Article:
I did 尻取り games when I was a child before the war—more than 70 years ago—as every child did.
尻取り was one of the most popular and inexpensive games played among pre-war children, because they didn't have video games or smartphones to kill time as today's children do.
I and other children never paid attention to whether the ending letter of the word was を or お, え or ゑ, へ or え, because we were unable to tell the difference of the usage of these words which are pronounced same but written differently. We linked the words only based on the ending sound (the last syllable) of the preceding word and the beginning sound (the first syllable) of the following word, not on the characters, when playing a 尻取り game.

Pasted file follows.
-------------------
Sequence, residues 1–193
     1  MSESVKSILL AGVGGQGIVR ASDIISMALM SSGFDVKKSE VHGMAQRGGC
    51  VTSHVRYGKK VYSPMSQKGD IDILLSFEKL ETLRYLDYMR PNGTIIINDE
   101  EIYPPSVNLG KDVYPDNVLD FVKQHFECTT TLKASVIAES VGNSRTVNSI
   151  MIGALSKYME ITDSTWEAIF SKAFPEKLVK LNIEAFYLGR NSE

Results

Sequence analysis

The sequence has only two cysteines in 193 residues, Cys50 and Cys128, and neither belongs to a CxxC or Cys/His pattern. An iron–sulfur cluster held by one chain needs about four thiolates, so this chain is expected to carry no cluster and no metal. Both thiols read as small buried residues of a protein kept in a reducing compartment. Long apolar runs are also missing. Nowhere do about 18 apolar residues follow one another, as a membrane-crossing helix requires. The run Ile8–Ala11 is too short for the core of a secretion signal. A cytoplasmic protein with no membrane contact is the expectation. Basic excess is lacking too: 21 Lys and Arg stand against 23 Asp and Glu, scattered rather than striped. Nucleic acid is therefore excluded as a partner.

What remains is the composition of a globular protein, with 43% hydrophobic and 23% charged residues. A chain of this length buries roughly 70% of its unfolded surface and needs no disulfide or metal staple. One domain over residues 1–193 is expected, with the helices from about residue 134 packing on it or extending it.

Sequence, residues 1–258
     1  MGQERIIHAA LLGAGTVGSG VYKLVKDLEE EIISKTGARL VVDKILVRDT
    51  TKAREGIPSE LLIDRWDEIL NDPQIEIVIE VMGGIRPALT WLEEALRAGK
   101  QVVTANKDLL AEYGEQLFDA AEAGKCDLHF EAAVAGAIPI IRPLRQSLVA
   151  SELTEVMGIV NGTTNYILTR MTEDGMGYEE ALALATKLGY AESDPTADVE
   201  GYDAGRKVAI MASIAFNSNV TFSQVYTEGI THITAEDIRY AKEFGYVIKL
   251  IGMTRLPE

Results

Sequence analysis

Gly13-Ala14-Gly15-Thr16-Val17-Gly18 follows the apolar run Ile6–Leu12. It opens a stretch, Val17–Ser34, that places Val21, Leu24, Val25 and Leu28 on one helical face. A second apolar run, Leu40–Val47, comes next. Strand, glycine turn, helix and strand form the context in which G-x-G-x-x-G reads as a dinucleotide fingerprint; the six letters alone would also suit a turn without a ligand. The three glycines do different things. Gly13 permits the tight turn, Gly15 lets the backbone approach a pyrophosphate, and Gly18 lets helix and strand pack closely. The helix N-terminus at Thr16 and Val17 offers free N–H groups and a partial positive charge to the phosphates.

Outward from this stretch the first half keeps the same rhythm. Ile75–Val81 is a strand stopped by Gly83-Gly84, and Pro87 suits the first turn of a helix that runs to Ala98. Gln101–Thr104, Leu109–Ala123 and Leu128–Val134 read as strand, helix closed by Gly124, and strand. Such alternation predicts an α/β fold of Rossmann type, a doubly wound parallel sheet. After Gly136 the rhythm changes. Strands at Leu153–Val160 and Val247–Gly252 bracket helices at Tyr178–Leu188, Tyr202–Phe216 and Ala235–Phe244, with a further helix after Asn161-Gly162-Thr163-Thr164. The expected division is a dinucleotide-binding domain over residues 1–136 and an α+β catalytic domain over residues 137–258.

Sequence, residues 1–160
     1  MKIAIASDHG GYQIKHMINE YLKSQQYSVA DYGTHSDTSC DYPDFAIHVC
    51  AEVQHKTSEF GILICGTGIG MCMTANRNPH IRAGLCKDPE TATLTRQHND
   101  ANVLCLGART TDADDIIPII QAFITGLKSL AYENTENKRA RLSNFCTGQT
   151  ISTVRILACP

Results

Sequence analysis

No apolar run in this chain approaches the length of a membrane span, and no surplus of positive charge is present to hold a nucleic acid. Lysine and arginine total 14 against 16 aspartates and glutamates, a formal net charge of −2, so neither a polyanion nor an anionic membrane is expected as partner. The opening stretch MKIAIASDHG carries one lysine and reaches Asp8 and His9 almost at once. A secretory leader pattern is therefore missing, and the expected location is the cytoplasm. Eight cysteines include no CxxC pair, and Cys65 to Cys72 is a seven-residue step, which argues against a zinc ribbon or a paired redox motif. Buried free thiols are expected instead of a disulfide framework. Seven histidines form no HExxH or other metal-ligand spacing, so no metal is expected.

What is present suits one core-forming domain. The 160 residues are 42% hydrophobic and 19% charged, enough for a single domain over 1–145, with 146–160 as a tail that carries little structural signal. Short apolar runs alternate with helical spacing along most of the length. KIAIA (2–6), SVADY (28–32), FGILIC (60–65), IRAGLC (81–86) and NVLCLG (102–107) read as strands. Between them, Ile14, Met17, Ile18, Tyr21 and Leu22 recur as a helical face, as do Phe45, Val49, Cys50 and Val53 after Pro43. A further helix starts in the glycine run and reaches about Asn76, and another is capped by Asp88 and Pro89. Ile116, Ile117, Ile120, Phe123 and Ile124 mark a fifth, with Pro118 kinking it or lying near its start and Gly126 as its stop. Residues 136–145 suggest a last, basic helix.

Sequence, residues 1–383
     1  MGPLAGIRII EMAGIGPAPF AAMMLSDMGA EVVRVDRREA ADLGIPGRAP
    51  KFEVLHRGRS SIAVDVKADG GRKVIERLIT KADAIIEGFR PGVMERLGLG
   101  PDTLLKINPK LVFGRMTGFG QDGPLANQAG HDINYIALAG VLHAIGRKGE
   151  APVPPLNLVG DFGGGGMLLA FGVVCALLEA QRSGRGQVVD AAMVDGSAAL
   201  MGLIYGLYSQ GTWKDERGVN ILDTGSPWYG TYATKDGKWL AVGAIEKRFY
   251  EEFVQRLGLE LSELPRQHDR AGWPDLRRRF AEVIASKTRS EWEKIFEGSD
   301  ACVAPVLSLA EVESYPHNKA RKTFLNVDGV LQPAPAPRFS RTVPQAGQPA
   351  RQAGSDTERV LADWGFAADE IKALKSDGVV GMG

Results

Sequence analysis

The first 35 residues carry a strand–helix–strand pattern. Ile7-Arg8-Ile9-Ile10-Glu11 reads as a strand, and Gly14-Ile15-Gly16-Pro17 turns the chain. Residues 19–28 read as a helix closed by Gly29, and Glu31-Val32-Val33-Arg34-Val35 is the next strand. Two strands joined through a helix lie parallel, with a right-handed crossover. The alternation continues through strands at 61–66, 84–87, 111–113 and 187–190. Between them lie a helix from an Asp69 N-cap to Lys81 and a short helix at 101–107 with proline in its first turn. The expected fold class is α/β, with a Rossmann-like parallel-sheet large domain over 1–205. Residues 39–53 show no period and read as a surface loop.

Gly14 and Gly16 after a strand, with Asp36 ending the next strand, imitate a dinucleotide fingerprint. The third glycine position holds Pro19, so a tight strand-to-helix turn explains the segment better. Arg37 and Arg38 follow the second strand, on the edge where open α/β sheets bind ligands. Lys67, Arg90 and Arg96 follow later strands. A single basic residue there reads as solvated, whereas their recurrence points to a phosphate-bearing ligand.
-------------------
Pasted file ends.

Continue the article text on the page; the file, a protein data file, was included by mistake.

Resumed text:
There was a problem, which occurred when the ending of the precedent word was ん, as there is no Japanese word that starts with ん. In that case, we followed the previous word with うん such as 運転手、運動会, and sometimes, うんこ and うんち, as we didn't know then big words like 運命、運気、運否天賦、薀蓄.
By the way, I'm curious to know whether Anglo-Americans, who don't have syllabic characters as we have in あいうえお, have a similar word game to 尻取り or not, and what they call it if they have one.
You already knew that しりとり=尻取り, hip takings, am I correct? ( But let me answer since I did not at all. )
If you google by the word 文字鎖，a site comes up..
There 武者小路実隆｛むしゃのこうじさねたか｝（1661～1738), read 源氏物語，according to the rule of 文字鎖，whose pronunciation of the end of each verse corresponds with the pronunciation of the head of the next verse. Like this.
Apparently, you can easily guess the origin of the word, しりとり is 尻取り， which I guess 尻｛しり｝, hip, in turn, would mean the end of the each verse, and might be connecting it.
And I guess the word play has been passed on until the end of the war,
According to here, something like しりとり is read or said,
So I guess, "people" did not use the old readings? when they play this word play???
Thank you again for your interesting question.